Competent and engaging, but not particularly outstanding. But, as they say, you can’t like all of the people all of the time, and Cutsmith wasn’t really my cup of tea.
Future Sunday Sessions at The White Bear:
• 27th October George Wilding
• 10th November Wade Merritt
• 17th November Ian O’Regan
• 15th December Phil Jinder Dewhirst
• 22nd December Vince Bell
Well the weather had been pretty wet all weekend, and Sunday afternoon was no exception. Good excuse then to hunker down in the White Bear with a pint, and listen to one of the best singer/ songwriters in the South West.
Phil King hails from Bristol, and is now (despite his still-youthful looks) a veteran of the SW live music scene, having played pubs and clubs all over the region, together with festivals, and stints with touring musical theatre productions of “Jane Eyre” and “To Kill A Mockingbird”. So this guy definitely knows his way around a song and a guitar.
And I’ll declare an interest here – I’ve been listening to Phil for several years now, and I’m a complete fan. There was no way I was going to miss this one.
His latest album is The Wreckage, and he was keen to showcase several numbers from that record, but thoughtfully mixed in with several numbers from his back catalogue (The War I Cannot Win, Do Not Surrender, Black Wind Blowing and When Will I Ever Learn), and some beautifully-reworked covers (Merle Haggard’s Sick, Sober & Sorry, and even If I Only Had a Brain from The Wizard of Oz). His opening gambit was Dylan’s “Shelter From The Storm”, a comment on the weather outside perhaps. And thereafter we were treated to two sets of incredibly beautiful songs, each one tenderly and carefully delivered. Phil’s voice is smouldering and smoky, distinctive and an instrument of great subtlety, switching effortlessly from a haunting, gentle whisper through to a full-throated howl of pain. His guitar-playing was careful, intricate and beautifully crafted. There were no loops, no stomps, no gimmicks – just the man, his guitar and the very occasional use of harmonica.
The whole performance was simply mesmerising, and there were times in the crowded pub when you could have heard the dropping of the proverbial pin. The audience was an interesting mixture of people who had never seen/ heard him before, together with obvious fans sitting mouthing the words to the songs. It made for a great and appreciative atmosphere.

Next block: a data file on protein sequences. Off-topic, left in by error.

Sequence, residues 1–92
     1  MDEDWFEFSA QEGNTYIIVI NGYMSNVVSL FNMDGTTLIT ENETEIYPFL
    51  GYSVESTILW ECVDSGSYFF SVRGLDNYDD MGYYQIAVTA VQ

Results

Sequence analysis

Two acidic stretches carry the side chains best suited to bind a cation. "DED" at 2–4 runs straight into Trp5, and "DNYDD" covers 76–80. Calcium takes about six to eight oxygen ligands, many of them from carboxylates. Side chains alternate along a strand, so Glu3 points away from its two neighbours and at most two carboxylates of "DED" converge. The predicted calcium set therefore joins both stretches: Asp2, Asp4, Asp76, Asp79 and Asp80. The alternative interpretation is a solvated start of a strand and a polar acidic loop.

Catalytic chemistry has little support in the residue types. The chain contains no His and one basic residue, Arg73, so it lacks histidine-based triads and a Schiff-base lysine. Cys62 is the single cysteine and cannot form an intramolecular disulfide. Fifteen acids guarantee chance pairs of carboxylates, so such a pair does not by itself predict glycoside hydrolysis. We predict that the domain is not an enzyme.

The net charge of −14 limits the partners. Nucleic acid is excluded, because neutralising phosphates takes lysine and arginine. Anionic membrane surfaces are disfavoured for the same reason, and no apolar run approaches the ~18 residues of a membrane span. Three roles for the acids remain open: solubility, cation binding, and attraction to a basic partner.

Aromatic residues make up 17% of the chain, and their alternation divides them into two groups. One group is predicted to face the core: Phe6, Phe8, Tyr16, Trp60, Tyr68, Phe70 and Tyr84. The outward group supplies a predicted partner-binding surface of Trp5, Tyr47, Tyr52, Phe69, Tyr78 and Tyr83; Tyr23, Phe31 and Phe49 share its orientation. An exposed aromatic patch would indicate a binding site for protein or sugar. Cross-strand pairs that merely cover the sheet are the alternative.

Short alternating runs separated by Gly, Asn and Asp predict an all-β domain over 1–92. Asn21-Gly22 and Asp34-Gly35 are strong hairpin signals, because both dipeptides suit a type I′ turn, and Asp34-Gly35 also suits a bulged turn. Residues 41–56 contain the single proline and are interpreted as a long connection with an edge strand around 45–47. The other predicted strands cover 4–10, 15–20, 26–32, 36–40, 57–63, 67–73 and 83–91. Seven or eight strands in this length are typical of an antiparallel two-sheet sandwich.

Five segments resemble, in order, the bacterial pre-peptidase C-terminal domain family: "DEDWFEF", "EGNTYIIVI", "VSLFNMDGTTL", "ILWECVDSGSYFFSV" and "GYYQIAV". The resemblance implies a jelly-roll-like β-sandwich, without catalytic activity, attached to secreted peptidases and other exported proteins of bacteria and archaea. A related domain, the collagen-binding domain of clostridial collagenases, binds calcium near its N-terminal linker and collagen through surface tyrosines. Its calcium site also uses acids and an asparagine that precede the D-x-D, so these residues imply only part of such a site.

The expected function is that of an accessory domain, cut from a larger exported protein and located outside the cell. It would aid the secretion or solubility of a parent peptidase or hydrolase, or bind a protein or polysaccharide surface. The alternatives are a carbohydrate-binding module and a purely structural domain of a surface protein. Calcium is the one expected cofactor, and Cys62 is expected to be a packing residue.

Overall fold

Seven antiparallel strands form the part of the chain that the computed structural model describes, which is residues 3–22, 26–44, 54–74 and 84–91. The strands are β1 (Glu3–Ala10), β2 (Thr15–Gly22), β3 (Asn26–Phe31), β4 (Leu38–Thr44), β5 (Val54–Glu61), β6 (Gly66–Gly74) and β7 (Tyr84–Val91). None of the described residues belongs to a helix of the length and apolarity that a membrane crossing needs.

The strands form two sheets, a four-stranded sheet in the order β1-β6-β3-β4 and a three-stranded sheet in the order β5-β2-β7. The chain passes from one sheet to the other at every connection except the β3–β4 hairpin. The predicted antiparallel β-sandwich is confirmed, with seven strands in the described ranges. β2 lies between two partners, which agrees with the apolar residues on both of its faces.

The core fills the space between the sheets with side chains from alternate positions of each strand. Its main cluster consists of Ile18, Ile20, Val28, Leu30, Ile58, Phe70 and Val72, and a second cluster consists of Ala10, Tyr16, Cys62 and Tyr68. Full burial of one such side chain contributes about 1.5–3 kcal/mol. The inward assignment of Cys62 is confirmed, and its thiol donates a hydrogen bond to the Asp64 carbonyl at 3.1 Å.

“Superb”, “amazing”, “sublime” and “extraordinarily good” were phrases I heard around the place. Not my words, but the comments of people around the room. To be honest, it’s actually difficult to define what a singer/ songwriter could possibly do to give a better performance.
Absolutely fantastic afternoon of class entertainment.
There are more Sunday Sessions to come at The White Bear, so watch their Facebook page and, of course, here on Devizine.
First to The Southgate, where Dave & Debs continue to provide a platform for acts of class entertainment. Today it was 5-piece folk-rockers Hadrian’s Union, a band completely new to me. Except that their fiddle-player Penny wasn’t actually with them, so they just carried on as a four-piece, on their Penny-less tour. Geddit? Oh, never mind.
The line-up included Saul Rose on drums, Brian Bell on 5-string bass, Robin Jowett on melodeon and keyboards, and founding member Stew Simpson on guitar and vocals. Saul Rose, who produced their last album, is as good as folk royalty, having played with a wide range of famous folk bands (Faustus, Mawkin, Eliza Carthy’s Wayward Band). Normally he plays accordion, but had decided, just for the hell of it, to get back to his first love the drum-kit.
They hail from the debatable northern lands of the English and Scottish borders, and had had a very early start that morning in order to make this gig. Their name originates from the locality and mindset of the band, since their separate members are based along various points of Hadrian’s Wall. They come to the band from various music genres – folk, punk, rock, blues, Celtic, ska etc – which reflects in the music they create together. They quote their musical references as Lindisfarne, Jethro Tull, Stackridge, and The Bonzo Dog Dooh Dah Band.